Do you have a friend that is your go-to person for your thoughts and questions about life? Your conversations are unfiltered—she knows just about everything going on in your life and you know all about hers. However, diarrhea makes the short list of things you normally don’t talk about. This is not a glamorous topic, and certainly one you don’t casually mention over lunch. But it’s important to understand the causes of abdominal pain and diarrhea, when to wait for symptoms to subside, and when to contact your physician. We’ll uncover the most common causes and the best solution for each situation so you don’t have to ask your friend.
Common Causes of Diarrhea and Abdominal Pain
Diarrhea and acute abdominal pain often go hand in hand. Here are the most common causes:
Infection: A bacterial infection can occur if you consume contaminated food or drink. You can also catch a viral infection by being around someone who already has the virus. This is typically considered the stomach flu.
The solution: Drink plenty of fluids, get some rest and take over-the-counter medication to relieve your discomfort. Usually, symptoms of acute abdominal pain and diarrhea subside after a few days. If it’s simply a bacterial infection, you may begin feeling better after a few hours.
Overeating: Your digestive system is not designed to consume a large amount of food at one time. Overeating often leads to stomach pain, discomfort, bloating, and diarrhea.
The solution: The pain and diarrhea will subside without medical attention. If you are prone to overeating, measure out your food and be aware of portion control. Chew slowly and eat at a table without distractions so that you are focused on your food and when you begin feeling full.
Food Reactions: If you have an adverse reaction to certain foods, you may experience abdominal pain and diarrhea. This can be caused by a sudden change in diet, eating fatty foods, and eating foods to which you are sensitive or allergic. People with celiac disease may experience abdominal pain and diarrhea after consuming gluten.
The solution: The best way to avoid pain and discomfort is to avoid the foods to which you are sensitive. If you are unsure what specific foods are causing a problem, keep a food diary and note when you experience pain or diarrhea. If your diarrhea is a reaction to food, your symptoms should subside a few hours after you have eaten. Ongoing exposure to gluten can cause serious damage to a celiac patient. Celiac should not be self-diagnosed.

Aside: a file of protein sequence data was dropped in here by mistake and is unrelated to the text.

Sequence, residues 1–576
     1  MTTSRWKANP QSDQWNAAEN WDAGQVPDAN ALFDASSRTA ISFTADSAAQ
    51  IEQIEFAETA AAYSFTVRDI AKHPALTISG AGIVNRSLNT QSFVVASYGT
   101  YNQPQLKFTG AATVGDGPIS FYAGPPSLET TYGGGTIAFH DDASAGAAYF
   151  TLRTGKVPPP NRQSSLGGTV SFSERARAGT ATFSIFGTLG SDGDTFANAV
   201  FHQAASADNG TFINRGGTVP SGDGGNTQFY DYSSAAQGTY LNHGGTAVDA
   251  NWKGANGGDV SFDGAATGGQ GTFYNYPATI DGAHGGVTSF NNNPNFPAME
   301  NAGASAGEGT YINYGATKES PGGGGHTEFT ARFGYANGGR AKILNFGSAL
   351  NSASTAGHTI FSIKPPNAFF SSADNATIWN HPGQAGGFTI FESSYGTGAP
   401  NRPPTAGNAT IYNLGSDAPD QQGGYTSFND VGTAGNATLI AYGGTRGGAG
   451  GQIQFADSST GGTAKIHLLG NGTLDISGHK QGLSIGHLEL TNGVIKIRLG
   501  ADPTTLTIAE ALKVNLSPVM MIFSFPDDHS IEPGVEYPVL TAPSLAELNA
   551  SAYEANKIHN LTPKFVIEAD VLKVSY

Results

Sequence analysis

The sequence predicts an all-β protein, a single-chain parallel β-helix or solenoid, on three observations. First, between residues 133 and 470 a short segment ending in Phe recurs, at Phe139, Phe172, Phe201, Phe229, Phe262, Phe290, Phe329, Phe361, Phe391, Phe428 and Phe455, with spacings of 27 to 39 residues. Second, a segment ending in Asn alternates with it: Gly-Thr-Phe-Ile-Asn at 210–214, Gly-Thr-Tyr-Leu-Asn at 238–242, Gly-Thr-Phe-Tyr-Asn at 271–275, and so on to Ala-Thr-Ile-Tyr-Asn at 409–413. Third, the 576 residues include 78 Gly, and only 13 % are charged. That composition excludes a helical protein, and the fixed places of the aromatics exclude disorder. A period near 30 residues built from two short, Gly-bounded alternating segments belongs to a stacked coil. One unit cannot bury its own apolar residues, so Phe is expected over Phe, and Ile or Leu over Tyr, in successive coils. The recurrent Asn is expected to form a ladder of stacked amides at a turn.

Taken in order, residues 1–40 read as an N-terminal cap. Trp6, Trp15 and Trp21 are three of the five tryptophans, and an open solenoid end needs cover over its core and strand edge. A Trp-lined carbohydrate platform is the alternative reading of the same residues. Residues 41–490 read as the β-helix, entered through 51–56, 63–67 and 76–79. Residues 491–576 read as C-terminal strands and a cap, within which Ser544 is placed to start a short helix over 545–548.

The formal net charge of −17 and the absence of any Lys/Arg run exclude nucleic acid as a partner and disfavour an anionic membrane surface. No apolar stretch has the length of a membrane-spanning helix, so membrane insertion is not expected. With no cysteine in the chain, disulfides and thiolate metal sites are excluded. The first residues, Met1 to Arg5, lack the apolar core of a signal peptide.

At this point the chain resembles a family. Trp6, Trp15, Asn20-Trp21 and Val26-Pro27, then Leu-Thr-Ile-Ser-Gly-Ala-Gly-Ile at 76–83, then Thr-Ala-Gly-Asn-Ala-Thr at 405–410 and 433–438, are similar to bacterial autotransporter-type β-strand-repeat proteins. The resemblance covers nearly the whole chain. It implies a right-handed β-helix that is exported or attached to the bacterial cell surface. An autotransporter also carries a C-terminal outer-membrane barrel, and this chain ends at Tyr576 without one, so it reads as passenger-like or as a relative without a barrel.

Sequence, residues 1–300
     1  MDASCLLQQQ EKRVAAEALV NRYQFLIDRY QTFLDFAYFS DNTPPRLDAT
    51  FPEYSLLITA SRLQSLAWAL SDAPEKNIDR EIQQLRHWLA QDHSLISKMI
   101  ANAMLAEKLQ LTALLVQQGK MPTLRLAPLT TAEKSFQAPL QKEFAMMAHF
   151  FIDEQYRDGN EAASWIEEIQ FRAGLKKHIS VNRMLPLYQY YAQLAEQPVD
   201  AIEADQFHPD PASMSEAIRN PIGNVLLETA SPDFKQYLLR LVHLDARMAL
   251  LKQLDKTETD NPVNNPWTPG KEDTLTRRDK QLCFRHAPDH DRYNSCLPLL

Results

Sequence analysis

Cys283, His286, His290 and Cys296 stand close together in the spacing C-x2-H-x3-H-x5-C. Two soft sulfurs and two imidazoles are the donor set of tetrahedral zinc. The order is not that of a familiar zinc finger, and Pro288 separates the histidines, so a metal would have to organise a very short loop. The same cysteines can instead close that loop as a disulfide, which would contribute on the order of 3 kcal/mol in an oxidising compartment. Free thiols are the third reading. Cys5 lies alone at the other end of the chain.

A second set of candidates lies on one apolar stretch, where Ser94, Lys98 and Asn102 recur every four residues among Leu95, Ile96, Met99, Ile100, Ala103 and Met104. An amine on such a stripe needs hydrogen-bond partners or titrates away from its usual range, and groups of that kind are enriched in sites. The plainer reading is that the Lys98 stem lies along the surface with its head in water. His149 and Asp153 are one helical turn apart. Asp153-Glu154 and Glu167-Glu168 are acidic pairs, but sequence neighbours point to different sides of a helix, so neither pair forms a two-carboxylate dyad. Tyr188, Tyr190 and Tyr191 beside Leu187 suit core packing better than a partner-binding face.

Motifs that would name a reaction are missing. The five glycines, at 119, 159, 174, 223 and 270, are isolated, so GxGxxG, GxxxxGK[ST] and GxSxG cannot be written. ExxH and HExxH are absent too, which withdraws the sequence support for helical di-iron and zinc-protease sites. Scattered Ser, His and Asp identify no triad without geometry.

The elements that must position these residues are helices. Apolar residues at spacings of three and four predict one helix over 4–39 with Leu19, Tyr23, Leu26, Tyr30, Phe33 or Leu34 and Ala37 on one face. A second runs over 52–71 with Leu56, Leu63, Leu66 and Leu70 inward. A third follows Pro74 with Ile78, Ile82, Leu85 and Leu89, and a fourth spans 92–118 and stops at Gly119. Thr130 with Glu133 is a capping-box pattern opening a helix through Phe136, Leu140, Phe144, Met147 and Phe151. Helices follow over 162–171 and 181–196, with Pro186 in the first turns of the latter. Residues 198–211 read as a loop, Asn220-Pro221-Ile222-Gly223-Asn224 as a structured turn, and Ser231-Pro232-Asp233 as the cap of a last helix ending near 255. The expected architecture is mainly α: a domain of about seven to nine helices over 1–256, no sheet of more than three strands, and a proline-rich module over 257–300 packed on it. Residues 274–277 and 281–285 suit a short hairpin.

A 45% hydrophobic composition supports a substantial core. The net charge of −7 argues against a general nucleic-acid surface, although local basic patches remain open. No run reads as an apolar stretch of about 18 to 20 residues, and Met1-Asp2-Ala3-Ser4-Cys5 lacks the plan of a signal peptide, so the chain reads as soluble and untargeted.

Stress: Diarrhea and abdominal pain can also be associated with stress. Digestive problems and bowel movements can be stimulated by anxiety.
The solution: When you begin to feel stressed and anxious, take time to exercise, practice meditation or mindfulness, use deep breathing techniques, or participate in art or music therapy. Taking care of your mental and emotional health will simultaneously help you take care of your gut health.
Medication: There are several medications with a side effect of diarrhea. It may be normal for you to experience abdominal pain and diarrhea when you take antacids with magnesium, antibiotics, too many laxatives, nonsteroidal anti-inflammatory drugs, chemotherapy.
The solution: Wait a few days for your body to adjust to this new medication. However, if symptoms persist after several days or your abdominal pain worsens, contact your doctor.
IBS: Irritable Bowel Syndrome (IBS) is a chronic disorder that causes persistent diarrhea and abdominal pain. It does not harm the digestive system, but it is something that should be monitored by a gastroenterologist.
The solution: If you have IBS, you can experience relief from symptoms by managing your stress level, exercising regularly, drinking enough water, adjusting your diet, and getting enough sleep. Your doctor may be able to provide medications to help reduce the severity of your symptoms.
IBD: Inflammatory Bowel Disease (IBD) is an umbrella term for chronic diseases such as Crohn’s disease and ulcerative colitis. Abdominal pain and diarrhea are two potential symptoms for this disease. If you do not address IBD, you risk damaging your digestive tract.
The solution: Talk to your gastroenterologists about changing your diet and taking medication in order to reduce inflammation. You can experience seasons of remission, where symptoms are not present, but you must enlist help from your doctor. In many of these cases, abdominal pain and diarrhea do not last for more than two to three days. Be sure to drink plenty of fluids and replenish electrolytes during this time.
If your diarrhea is persistent or your abdominal pain is severe, schedule an appointment with Dr. Sameer Islam. Don’t be embarrassed to ask us your questions—that’s what we’re here for.